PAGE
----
Simon Williams (chess player)

From Wikipedia, the free encyclopedia
Jump to navigation Jump to search

Simon Williams
Simon Williams (born 1979) - Flickr image 31063871063.jpg
Williams at the London Chess Classic 2016.
Full nameSimon Kim Williams
Born (1979-11-30) 30 November 1979 (age 42)
Surrey, England
TitleGrandmaster (2008)
FIDE rating2464 (September 2022)
Peak rating2550 (November 2009)

Simon Kim Williams (born 30 November 1979) is an English chess grandmaster and author who frequently uses the pseudonym "GingerGM" on social media and commercial material.

Early career[edit]

In 1993, he received his first international FIDE rating of 2255. During the same year he finished seventh in the European Under-14 Championship.[1] Williams regularly participated in youth tournaments throughout the 1990s, finishing seventh in the 1997 European Under-20 Championship[2] and finishing second in the Smith and Williamson Young Masters in 1998.[3]

S. Williams vs. Simons, 1999[edit]

S. Williams vs. Simons, Scarborough 1999
e8 black king
e7 black knight
e6 white knight
a5 white rook
f5 black pawn
a4 white pawn
f4 white pawn
a3 black rook
g3 white pawn
h3 white king
Final position, with Black to move

Williams competed in the 1999 British Chess Championship, held in Scarborough and won by Julian Hodgson. By the time of the tournament's later rounds, Williams had been eliminated from contention for the championship. He, therefore, chose to play the Hammerschlag (1. f3 e5 2. Kf2) in a game against Martin Simons, a very unusual and "ridiculous" opening which needlessly exposes White's king to immediate attack. Williams won the game, and it has since been noted as successful use of a disadvantageous opening.[4]

Following White's initial self-imposed handicap, Black established a straightforward pawn centre. White then equalized the position over the next several moves. On the fourteenth move, White activated his bishop pair; however, the players traded all of their bishops on the sixteenth and seventeenth moves. On the thirtieth move, the players traded queens. In the final position, White was up two pawns, with multiple immediate checking threats.

Hammerschlag (ECO A00)
1.f3 e5 2.Kf2 d5 3.e3 Nf6 4.d4 Nc6 5.Bb5 Bd6 6.Ne2 O-O 7.Re1 e4 8.Ng3 h5 9.f4 Bg4 10.Be2 g6 11.Kg1 Qe7 12.a3 b5 13.b3 Qe6 14.Bd2 Ne7 15.Bb4 a5 16.Bxd6 Qxd6 17.Bxg4 Nxg4 18.c4 bxc4 19.bxc4 c5 20.Nc3 h4 21.Qxg4 hxg3 22.cxd5 gxh2+ 23.Kxh2 f5 24.dxc5 Qxc5 25.Qg5 Kf7 26.Rac1 Rh8+ 27.Kg1 Rh5 28.Nxe4 Qb6 29.Rc6 Qxc6 30.dxc6 Rxg5 31.Nxg5+ Ke8 32.e4 Rc8 33.exf5 gxf5 34.Re5 Rxc6 35.Rxa5 Rc4 36.g3 Rc3 37.Kg2 Rc2+ 38.Kh3 Rc3 39.a4 Ra3 40.Ne6 1–0 (Resignation)[4][5]


He became a Grandmaster in 2008, achieving the final norm at the Hastings International Chess Congress 2005/2006 and the 2500+ rating at Hastings 2007/2008.[6] His peak rating so far is 2550, achieved in November 2009. In 2009, he organised the Big Slick International in Purley, London, which comprised an invitational GM tournament and FIDE Rated Open.

National performance[edit]

In 2003, he finished seventh at the British Chess Championship.[7] Williams later improved his performance in the tournament, finishing equal second in 2009.[8]

International performance[edit]

In 2009, Williams finished equal first at the Southend Chess Congress all-play-all tournament.[9]

He was joint winner with Gawain Jones of the London Chess Classic FIDE Rated Open in December 2010, with a rating performance of 2690.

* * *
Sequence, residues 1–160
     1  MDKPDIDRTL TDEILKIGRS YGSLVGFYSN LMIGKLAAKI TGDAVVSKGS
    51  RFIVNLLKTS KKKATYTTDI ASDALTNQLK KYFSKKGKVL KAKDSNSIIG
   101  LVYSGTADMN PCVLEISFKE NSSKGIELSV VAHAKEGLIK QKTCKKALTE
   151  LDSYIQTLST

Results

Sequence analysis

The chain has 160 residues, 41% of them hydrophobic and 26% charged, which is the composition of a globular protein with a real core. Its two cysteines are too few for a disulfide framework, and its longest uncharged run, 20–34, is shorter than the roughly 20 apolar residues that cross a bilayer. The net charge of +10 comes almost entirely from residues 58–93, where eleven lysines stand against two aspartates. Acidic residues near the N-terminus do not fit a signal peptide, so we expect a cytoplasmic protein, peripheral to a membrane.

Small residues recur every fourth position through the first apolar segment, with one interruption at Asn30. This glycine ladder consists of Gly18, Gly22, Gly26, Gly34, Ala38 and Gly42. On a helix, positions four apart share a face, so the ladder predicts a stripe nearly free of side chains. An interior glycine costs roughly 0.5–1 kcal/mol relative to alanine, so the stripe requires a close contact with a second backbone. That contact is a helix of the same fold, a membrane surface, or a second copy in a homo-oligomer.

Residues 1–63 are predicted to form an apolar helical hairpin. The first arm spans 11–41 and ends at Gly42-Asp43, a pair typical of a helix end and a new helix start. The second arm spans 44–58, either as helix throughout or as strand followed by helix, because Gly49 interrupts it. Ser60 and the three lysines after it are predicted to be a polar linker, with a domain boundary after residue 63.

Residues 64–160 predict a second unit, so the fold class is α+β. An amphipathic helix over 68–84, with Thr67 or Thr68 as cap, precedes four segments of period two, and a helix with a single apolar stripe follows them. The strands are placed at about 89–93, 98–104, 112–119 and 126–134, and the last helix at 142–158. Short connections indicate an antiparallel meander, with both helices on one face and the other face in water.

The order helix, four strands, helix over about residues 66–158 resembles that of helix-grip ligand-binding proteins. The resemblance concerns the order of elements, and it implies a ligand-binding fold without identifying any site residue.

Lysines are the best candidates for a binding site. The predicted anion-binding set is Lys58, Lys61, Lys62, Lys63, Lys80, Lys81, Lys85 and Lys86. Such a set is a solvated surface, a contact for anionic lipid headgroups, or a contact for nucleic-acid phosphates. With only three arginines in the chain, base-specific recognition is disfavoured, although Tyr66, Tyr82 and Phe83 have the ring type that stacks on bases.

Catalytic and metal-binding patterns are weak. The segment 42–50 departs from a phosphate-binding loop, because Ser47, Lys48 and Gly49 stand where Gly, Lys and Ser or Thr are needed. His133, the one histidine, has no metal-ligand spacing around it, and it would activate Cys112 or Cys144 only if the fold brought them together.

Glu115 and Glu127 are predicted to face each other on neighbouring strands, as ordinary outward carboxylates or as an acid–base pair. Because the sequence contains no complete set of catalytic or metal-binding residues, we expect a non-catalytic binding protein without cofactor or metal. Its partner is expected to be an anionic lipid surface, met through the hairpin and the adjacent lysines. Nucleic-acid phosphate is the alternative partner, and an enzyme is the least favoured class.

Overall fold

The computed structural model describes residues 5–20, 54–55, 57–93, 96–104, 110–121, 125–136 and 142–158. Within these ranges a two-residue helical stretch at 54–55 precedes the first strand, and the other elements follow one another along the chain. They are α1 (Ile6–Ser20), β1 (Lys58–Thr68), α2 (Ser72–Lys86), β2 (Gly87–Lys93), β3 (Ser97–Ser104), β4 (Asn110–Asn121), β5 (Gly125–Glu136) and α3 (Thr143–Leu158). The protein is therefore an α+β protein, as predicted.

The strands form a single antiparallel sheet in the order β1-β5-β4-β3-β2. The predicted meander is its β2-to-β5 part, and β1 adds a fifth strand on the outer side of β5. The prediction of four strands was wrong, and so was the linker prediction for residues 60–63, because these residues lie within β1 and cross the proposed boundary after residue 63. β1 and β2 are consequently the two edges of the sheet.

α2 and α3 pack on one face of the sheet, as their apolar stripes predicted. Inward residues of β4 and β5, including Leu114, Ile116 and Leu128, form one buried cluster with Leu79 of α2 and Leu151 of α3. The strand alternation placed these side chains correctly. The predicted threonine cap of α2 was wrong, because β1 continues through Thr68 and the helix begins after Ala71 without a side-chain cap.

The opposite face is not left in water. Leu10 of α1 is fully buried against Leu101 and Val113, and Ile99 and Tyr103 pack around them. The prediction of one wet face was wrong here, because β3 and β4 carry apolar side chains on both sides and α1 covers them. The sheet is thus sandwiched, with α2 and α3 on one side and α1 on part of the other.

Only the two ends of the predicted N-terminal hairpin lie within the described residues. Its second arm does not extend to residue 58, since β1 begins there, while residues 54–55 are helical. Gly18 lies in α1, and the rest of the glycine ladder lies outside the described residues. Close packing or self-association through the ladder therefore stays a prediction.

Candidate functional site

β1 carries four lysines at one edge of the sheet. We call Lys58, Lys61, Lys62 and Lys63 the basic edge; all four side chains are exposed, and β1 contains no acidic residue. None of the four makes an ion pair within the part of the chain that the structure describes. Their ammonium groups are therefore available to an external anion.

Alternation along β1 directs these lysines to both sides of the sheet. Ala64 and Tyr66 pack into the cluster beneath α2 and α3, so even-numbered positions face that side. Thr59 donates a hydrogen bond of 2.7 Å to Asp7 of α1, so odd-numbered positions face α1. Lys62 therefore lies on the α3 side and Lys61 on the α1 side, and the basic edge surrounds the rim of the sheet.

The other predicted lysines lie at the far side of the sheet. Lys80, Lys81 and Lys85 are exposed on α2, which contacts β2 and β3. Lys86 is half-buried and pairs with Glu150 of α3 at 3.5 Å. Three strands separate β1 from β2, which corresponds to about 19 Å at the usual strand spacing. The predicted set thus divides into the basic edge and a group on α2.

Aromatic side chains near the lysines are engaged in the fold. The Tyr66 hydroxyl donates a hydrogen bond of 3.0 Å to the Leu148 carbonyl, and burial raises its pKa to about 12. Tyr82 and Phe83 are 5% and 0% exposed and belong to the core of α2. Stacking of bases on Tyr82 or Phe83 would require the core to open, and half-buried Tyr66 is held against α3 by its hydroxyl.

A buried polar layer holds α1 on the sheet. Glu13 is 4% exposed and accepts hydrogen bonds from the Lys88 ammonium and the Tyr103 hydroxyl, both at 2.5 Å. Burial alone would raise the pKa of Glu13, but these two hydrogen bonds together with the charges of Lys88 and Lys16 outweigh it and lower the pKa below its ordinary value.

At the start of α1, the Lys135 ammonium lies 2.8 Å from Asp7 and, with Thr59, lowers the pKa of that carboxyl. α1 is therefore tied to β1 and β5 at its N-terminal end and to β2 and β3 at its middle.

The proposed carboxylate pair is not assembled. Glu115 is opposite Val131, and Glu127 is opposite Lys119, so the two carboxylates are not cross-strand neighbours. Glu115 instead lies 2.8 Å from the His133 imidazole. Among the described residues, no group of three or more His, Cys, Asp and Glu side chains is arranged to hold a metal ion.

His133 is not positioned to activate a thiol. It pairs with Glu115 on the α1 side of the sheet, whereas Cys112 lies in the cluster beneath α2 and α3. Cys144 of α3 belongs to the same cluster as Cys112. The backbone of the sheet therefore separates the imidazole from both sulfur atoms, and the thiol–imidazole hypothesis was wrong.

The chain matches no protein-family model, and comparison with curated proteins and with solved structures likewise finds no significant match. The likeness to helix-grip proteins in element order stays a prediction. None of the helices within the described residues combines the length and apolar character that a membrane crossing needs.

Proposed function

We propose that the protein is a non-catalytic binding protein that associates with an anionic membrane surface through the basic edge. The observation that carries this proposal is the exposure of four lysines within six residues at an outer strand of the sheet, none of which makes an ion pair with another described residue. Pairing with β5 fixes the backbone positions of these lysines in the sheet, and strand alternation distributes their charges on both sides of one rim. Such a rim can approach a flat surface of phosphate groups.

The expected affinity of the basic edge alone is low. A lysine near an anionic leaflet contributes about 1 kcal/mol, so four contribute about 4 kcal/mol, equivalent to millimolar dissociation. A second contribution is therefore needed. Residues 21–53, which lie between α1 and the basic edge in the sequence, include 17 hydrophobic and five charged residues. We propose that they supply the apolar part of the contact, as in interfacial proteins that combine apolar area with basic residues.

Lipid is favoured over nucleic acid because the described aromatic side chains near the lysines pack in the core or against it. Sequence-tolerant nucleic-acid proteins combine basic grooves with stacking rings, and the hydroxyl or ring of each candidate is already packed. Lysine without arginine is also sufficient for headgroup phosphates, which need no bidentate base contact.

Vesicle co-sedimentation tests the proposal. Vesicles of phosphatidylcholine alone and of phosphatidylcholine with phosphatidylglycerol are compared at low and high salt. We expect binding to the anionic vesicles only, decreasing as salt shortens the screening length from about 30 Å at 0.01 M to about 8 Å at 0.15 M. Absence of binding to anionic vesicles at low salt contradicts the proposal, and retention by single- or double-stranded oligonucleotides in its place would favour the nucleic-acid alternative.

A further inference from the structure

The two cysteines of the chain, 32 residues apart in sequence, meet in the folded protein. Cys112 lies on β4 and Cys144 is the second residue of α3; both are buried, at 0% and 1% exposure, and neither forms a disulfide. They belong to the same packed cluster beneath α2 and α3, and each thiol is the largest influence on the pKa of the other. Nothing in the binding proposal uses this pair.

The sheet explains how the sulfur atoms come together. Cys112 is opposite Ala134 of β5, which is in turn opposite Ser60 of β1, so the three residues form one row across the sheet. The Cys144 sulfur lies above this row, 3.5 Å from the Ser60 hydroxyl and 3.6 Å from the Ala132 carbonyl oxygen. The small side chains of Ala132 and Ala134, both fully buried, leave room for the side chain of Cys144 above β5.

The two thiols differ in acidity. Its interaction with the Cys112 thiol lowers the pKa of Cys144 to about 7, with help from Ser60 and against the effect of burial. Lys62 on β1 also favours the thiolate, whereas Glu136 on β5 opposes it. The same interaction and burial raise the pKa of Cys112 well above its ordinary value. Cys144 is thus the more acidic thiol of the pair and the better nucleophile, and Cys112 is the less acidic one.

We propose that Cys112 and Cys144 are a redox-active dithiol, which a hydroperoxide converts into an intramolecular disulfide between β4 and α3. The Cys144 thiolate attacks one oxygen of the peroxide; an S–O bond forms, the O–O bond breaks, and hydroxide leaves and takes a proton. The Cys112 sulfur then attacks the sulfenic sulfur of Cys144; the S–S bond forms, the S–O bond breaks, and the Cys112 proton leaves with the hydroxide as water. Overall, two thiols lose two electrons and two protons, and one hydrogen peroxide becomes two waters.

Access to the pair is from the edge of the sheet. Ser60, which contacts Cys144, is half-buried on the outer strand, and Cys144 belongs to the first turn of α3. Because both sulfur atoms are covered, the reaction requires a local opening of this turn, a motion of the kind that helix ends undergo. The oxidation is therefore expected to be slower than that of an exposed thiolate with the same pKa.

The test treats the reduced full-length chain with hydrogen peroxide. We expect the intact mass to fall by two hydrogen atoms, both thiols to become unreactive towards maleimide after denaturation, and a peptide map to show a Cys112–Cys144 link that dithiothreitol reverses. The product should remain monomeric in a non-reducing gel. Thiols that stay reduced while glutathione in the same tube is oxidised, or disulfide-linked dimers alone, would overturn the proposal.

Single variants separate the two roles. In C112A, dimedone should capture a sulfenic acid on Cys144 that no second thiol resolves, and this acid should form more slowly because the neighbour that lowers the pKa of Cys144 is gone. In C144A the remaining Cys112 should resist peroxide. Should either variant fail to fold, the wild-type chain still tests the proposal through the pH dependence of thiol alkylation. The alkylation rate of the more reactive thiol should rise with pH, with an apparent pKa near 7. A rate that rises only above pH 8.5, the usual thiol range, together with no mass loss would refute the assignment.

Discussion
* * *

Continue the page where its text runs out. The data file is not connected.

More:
Blitz and rapidplay[edit]

In 2005, he won the British Blitz Championship.

Chess commentary[edit]

Williams works as a chess commentator at tournaments and through online streaming. Most notably, he has provided official commentary at the Gibraltar Chess Festival alongside Irina Krush, Elisabeth Pähtz in 2016 and Jovanka Houska in 2017 and 2018. He has covered a number of other tournaments for ChessBase and Williams also maintains a YouTube channel where he uploads blitz chess games with commentary as well as analysis of his previous games. He has also given commentary on the Isle of Man tournament.

Chess publication company[edit]

In 2008, he founded a chess media publishing company called "GingerGM" with International Master Simon Ansell. The company produces print books, ebooks and DVDs.



  • Williams, Simon (2003). Play The Classical Dutch. Gambit Publications. ISBN 978-1-901983-88-3.
  • Williams, Simon (2004). Improve Your Attacking Chess. Gambit Publications. ISBN 978-1-904600-09-1.
  • Williams, Simon (2008). How To Crush Your Chess Opponents. Gambit Publications. ISBN 978-1-904600-99-2.
  • Williams, Simon (2009). The New Sicilian Dragon. Everyman Chess. ISBN 978-1-85744-615-9.
  • Williams, Simon (2010). How To Win At Chess - Quickly!. Everyman Chess. ISBN 978-1-85744-631-9.
  • Palliser, Richard; Williams, Simon; Vigus, James (2010). Dangerous Weapons: The Dutch. Everyman Chess. ISBN 978-1-85744-624-1.{{cite book}}: CS1 maint: uses authors parameter (link)
  • Williams, Simon (2011). Attacking Chess: The French: A Dynamic Repertoire for Black. Everyman Chess. ISBN 978-1857446463.
  • Williams, Simon (2011). SOS – Secrets of Opening Surprises 13 – Chapter 3 – The Williams Anti-Grunfeld Variation. New in Chess. ISBN 978-90-5691-341-0.
  • Williams, Simon (2011). SOS – Secrets of Opening Surprises 14 – Chapter 4 – Kings Gambit: Tartakower Variation. New In Chess. ISBN 978-90-5691-366-3.
  • Williams, Simon (2013). Killer Dutch - The Book. GingerGM and EPlus Books. ISBN 978-1-927179-15-4.
  • Williams, Simon (2015). The Killer Dutch. Everyman Chess. ISBN 9781781942420.


Checkmate Show[edit]

In 2017, Williams filmed a show named Checkmate. It followed a tournament with some notable competitors, Namely Richard Rapport, Ju Wenjun, Arkadij Naiditsch, and Nigel Short.


External links[edit]